No matter what time of year you visit, all visitors must purchase an entrance pass. You can either purchase a Standard Pass ($20-$35, depending on vehicle type) or an Annual Pass ($70). As of 2024, If you visit during peak season, May – September, you may also need a vehicle reservation, depending on what park of the park you are going to. Reservations MUST be made well in advance. Go here to find out what pass you will need for your trip.

Best time of year to visit

You can plan a Glacier National Park itinerary for any month as the park is open year-round. However, there’s a reason that the peak season is during the summer. The Going-to-the-Sun Road, the park’s only through road, doesn’t open for the season until late June/early July and closes again by mid-September. That means that for most people, July and early August are the best times to visit. The widest variety of activities will be available.

Glacier National Park itinerary

Hiking through snow in late July!

But, Glacier is one of the American West’s most popular national parks, and, like nearby Yellowstone National Park, summer is the park’s busiest time of year. If you want to avoid the crowds, consider early June or late September. Just know that the main road may be closed, and most of the trails are snow-covered.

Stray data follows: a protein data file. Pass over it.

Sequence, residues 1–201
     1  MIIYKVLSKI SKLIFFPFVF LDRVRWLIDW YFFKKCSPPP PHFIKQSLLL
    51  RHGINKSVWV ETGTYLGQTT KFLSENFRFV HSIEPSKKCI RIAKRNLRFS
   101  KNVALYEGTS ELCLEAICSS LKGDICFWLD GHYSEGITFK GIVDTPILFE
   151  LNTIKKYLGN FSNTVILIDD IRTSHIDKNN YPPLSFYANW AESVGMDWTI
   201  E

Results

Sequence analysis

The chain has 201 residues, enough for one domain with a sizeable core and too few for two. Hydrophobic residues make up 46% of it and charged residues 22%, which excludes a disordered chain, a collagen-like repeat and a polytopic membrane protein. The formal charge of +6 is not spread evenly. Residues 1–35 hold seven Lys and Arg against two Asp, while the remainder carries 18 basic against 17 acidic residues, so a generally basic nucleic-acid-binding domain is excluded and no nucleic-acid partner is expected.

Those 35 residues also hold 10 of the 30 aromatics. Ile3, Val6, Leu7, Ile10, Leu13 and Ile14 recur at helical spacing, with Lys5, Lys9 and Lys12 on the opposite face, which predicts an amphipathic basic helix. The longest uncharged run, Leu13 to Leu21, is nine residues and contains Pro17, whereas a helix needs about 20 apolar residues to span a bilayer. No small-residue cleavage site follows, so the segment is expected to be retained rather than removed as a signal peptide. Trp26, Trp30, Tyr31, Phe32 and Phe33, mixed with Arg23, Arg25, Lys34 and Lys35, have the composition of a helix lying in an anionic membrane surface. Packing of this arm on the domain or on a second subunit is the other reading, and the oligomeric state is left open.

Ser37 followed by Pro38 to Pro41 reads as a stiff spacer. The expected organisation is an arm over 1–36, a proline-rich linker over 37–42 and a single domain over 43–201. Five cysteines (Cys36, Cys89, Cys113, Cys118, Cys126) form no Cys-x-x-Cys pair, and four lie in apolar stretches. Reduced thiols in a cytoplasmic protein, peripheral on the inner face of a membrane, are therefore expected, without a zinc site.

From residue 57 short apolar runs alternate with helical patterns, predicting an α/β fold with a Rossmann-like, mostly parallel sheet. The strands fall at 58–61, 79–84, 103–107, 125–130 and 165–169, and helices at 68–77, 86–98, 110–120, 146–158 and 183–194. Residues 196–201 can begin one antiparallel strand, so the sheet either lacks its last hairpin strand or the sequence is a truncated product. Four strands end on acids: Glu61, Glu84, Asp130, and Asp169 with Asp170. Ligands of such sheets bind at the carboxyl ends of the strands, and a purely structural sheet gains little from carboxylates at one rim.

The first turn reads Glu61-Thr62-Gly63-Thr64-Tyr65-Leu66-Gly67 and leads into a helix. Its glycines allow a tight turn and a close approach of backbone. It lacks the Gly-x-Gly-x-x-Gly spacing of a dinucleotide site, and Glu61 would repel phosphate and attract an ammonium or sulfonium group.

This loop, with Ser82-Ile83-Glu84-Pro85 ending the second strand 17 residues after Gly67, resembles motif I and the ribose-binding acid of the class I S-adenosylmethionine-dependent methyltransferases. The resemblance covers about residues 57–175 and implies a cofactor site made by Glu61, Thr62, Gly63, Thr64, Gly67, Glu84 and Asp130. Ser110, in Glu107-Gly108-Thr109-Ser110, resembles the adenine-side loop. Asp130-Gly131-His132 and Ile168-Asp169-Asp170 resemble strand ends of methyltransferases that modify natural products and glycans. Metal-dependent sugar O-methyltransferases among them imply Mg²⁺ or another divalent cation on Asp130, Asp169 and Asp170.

The park is open year-round, so if you really want to avoid other tourists and see a part of Glacier most people don’t see, break out your snowshoes and skis and visit in the winter.

No matter when you go, you are guaranteed to have an incredible time in one of the most beautiful places on earth!

St. Mary's Lake

Iconic St. Mary’s Lake


Have any other questions about this Glacier National Park 5 day itinerary? Let me know in the comments!

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This is the perfect, 5-day Glacier National Park itinerary! No matter who you are - hiker or couch-potato, single or a family with kids - this itinerary will make sure you get the most out of your time in this beautiful park. #montana #usa #travel #glaciernationalpark  This is the perfect, 5-day Glacier National Park itinerary! No matter who you are - hiker or couch-potato, single or a family with kids - this itinerary will make sure you get the most out of your time in this beautiful park. #montana #usa #travel #glaciernationalpark  This is the perfect, 5-day Glacier National Park itinerary! No matter who you are - hiker or couch-potato, single or a family with kids - this itinerary will make sure you get the most out of your time in this beautiful park. #montana #usa #travel #glaciernationalpark